Self Editing Do or Don’t? And where to start

I say DO! I can list many reasons I self edited and self proofed my novel. While I did have some help it was not that of a professional. I am not anti-professional. By all means if you have the luxury of using a professional editor, go ahead. I would have loved the help of a professional editor. However not only can I not afford a professional, I also do not know any professionals who would have done the work for free. With that being said, that was my number one reason for editing my own novel. Some say the author is too close to the work to properly edit it. While I can understand, perhaps relate and maybe even agree with that thought, I still did not feel the need to hire an editor. Call me unconventional but I feel there are many ways to explore becoming a successful author.

Even if you choose to go with professional editing, the writer is responsible for making their work as neat and tidy, and well written as is possible. Spell checking, grammar and structure are just some of the things you have to look at before you can even begin to call a story or novel publish ready. Even though I always did well in English class, I still find I make common mistakes.  One big one for me was comma use. I used to add a comma after words like however, yet, and but. It was in prepping for my GED that I was taught when you use a word that means the same as a comma, or is a way to pause then you do not follow that word with a comma. To this day I almost add a comma after but or however…then I stop and remember my GED teacher and what I was taught.

Spell Check should always be where you start, even with self editing. Spell check can be your best friend. One wise piece of advice though, pay close attention and do not allow spell check to change a not so common word into a totally different word. (there’s always a dictionary) Spell check will also help with grammar and sentence structure. It will give you suggestions on words to change or other ways to change the sentence so it sounds better or flows more smoothly. My biggest advice for spell check:do not allow spell check or grammar suggestions actually change what you are trying to say.  While spell check and grammar functions are very helpful they can actually harm when the computer is suggesting a change that either does not actually make sense, or makes your sentence or words mean different from what they had.

Ok so let’s say you got through spell check without wanting to slap the program…what next? In all honesty…re-read, proofread your work once more. Make sure that your story reads the way you want it to and that spell check’s grammar options didn’t change things in a harmful manner. Even if you take a break from editing and work on another project, that’s ok. Sometimes you need to leave things be and come back to it with a clear head.

You did spell check, you survived it’s grammar suggestions…you proofread a second time…what now? Let someone read it. Rather that be one someone or ten someones, it needs to be read by others. Not only for the reader point of view but also because others will see mistakes you weren’t even aware you make/made.  They’ll find those errors where spell check allowed a word to slide because it’s an actual word yes but it made the sentence sound like nonsense. (this has happened to me so many times I did want to give spell check a good shaking haha!)

Once you’ve allowed someone else to read and hopefully suggest editing fixes or maybe even other ways to improve your story, make the changes needed to improve the work. Be honest with yourself and make changes you know it needs. This doesn’t mean change it in ways that makes it something you don;t wish the story to be. It means do what is necessary to make it publish ready.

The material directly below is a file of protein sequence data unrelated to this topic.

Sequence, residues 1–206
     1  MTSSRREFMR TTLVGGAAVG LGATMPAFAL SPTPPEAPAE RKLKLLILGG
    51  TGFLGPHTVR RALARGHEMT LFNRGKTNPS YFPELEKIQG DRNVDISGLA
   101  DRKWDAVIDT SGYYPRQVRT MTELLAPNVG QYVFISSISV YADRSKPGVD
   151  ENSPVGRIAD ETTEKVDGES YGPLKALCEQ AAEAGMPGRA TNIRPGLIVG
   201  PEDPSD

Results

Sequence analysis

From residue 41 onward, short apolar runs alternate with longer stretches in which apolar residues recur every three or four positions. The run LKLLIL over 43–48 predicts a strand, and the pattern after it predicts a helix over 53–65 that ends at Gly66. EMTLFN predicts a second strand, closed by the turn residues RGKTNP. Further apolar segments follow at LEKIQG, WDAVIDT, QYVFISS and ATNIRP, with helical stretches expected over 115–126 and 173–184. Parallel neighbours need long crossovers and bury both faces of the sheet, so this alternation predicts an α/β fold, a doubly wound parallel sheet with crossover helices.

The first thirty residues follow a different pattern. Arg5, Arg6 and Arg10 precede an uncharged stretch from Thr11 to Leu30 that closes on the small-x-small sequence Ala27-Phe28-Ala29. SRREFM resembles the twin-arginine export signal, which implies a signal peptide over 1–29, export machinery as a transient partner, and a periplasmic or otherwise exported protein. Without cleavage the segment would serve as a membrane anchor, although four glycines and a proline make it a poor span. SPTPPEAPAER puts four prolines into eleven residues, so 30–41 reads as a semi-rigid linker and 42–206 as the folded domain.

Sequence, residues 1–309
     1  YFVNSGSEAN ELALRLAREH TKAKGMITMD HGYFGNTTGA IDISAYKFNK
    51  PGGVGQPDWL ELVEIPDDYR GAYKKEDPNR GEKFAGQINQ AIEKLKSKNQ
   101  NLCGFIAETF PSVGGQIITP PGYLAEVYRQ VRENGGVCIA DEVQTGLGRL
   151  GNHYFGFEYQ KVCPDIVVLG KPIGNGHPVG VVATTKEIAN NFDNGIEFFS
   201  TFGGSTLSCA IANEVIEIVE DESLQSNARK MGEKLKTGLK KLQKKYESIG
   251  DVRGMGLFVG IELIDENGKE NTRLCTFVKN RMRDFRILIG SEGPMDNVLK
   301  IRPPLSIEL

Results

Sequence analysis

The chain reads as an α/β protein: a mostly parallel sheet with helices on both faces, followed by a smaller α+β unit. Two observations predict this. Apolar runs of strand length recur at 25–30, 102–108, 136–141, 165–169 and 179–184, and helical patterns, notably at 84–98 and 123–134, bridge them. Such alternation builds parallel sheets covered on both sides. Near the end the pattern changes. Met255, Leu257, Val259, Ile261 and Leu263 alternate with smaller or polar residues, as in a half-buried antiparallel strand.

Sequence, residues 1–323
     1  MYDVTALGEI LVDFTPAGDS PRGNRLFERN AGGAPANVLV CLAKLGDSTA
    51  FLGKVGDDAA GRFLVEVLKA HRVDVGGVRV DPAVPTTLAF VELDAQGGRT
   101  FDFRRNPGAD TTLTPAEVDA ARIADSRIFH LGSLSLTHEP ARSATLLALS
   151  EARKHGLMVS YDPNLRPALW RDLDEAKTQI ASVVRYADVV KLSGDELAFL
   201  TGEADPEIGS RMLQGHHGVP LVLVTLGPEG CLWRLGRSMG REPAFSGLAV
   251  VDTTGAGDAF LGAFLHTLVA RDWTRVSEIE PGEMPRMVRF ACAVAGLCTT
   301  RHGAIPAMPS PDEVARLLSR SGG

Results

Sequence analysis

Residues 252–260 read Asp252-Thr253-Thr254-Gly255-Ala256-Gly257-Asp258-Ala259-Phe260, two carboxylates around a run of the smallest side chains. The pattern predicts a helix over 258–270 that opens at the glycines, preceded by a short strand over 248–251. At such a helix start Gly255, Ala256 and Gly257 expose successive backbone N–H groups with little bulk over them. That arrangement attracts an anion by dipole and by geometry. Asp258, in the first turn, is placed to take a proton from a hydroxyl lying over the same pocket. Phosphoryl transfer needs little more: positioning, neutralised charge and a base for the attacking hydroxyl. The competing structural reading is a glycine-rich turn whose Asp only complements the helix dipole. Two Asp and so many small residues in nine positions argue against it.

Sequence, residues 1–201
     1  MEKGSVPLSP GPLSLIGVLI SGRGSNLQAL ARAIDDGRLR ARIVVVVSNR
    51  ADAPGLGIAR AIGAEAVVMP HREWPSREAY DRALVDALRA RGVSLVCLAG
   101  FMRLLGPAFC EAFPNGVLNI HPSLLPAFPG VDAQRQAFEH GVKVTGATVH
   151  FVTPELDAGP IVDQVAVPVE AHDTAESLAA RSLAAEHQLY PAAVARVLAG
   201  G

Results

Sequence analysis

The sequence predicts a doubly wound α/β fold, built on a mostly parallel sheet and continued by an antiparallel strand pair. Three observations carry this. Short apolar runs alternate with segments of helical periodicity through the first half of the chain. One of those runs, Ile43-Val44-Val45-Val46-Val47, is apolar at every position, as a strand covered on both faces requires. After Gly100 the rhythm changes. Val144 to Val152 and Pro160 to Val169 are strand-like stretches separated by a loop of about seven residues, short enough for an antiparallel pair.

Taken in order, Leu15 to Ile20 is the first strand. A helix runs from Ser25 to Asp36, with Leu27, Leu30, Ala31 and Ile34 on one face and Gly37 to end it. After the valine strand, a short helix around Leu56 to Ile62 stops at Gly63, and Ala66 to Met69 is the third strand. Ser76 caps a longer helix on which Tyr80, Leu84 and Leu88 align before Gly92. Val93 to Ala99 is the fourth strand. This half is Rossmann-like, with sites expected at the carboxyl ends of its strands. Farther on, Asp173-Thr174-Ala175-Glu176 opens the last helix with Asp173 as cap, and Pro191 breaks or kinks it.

One part of editing I find that I do a lot of is going back over a story and seeing how I can re word things that I may have originally worded unclear or not as crisp as it should be.  I think all writers do one thing the same, we tend to write fast when ideas hit, we don;t look back and the enter key keeps going like the energizer bunny.  We don’t stop to edit, we make those common mistakes and sometimes we don’t even see it when proofreading.  Our minds have a way of correcting the error without us actually correcting it on the page. For example, when typing a sentence may become “I cannot tell you who many times I have made that mistake.” While spell check/grammar will overlook the mistake of “who” instead of “how” it’s also possible for our brain to overlook that mistake. But the point is that your reader will most likely catch the mistake. Numerous times my husband has caught typos that spell check allowed and that I did not realize were there.

So you think you’re done? Perhaps you are and your story is ready to publish.  I say perhaps, because when I went back to “A Killer’s Saga” after it had been stored away for a long time, I not only found things i wished to change to make it sound better but also some major changes to make it into a story that truly holds to me and my personality. I found that I’m very comfortable writing erotica and wanted to meld that into a story I was already very proud of, already very attached to. And now that same story is one that holds true to how I feel it should have been written from day one. So sometimes give a story some shelf time. Set it aside and when you come back to it after that shelf time, read it again. Make sure you’re honestly happy with it and that it’s truly your best work. Then work on publishing.

Happy self editing! If you have any comments, or questions, positive feedback is always welcomed.

Writing attraction and reactions in Erotica and what makes it “work”

What I feel is a number one thing that makes erotica work is definitely take from your own human emotions. What draws you to another person sexually? How do you feel when attracted to someone? Does your heart beat faster? Of course it does. And not necessarily because of a love type emotion. But because something about them attracted you and your body reacts in many ways. Subtle reactions occur as well. When I’m attracted to someone I tend to grin and feel excited as well.  All of the emotions and reactions can be written easier than it seems.  {Sally brushed the hair away from her eyes. This was a nervous habit of hers when around a hot guy.  She shyly looked him up and down and grinned.  Her mind went everywhere from wondering how he looked nude, to how the caress of his hand on her cheek would feel and her heart began to quicken with each thought.  She felt naughty but in a delicious way.  She wasn’t the bold type and therefore just lusting him openly she was sure her cheeks were flush, they sure felt fire hot.}

While that’s a very short example I could go on and on, I’ve always been a very talkative and with writing, wordy, person. But my main idea to convey is that you can express attraction in many ways. And that while you can bring it out from your imagination of how your character would react, if you’re new to writing or looking to sharpen skills, work from how you, yourself react when attracted to someone.  You can never fail with true emotion and experiences.  The example piece above comes from a bit of me. As a high school student and even before then I was shy and felt awkward around guys.